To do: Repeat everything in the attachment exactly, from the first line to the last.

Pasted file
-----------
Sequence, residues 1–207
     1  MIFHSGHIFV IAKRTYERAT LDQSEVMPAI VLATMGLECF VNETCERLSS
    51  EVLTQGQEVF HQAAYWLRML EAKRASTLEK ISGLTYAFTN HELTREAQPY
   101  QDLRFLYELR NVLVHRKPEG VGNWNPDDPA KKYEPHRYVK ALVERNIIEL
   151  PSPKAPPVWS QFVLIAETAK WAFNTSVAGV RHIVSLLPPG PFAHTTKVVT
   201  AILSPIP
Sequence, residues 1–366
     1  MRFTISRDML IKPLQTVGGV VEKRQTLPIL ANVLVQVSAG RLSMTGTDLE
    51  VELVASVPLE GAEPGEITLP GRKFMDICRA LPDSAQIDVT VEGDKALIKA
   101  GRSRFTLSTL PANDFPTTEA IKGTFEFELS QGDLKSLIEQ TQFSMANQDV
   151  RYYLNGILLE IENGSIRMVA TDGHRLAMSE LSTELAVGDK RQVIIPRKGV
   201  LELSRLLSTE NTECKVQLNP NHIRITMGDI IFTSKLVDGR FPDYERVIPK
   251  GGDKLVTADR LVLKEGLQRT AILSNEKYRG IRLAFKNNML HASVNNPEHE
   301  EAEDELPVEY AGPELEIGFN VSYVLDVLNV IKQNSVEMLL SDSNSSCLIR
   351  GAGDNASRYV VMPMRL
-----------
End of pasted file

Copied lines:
Sequence, residues 1–207
     1  MIFHSGHIFV IAKRTYERAT LDQSEVMPAI VLATMGLECF VNETCERLSS
    51  EVLTQGQEVF HQAAYWLRML EAKRASTLEK ISGLTYAFTN HELTREAQPY
   101  QDLRFLYELR NVLVHRKPEG VGNWNPDDPA KKYEPHRYVK ALVERNIIEL
   151  PSPKAPPVWS QFVLIAETAK WAFNTSVAGV RHIVSLLPPG PFAHTTKVVT
   201  AILSPIP
Sequence, residues 1–366
     1  MRFTISRDML IKPLQTVGGV VEKRQTLPIL ANVLVQVSAG RLSMTGTDLE
    51  VELVASVPLE GAEPGEITLP GRKFMDICRA LPDSAQIDVT VEGDKALIKA
   101  GRSRFTLSTL PANDFPTTEA IKGTFEFELS QGDLKSLIEQ TQFSMANQDV
   151  RYYLNGILLE IENGSIRMVA TDGHRLAMSE LSTELAVGDK RQVIIPRKGV
   201  LELSRLLSTE NTECKVQLNP NHIRITMGDI IFTSKLVDGR FPDYERVIPK
   251  GGDKLVTADR LVLKEGLQRT AILSNEKYRG IRLAFKNNML HASVNNPEHE
   301  EAEDELPVEY AGPELEIGFN VSYVLDVLNV IKQNSVEMLL SDSNSSCLIR
   351  GAGDNASRYV VMPMRL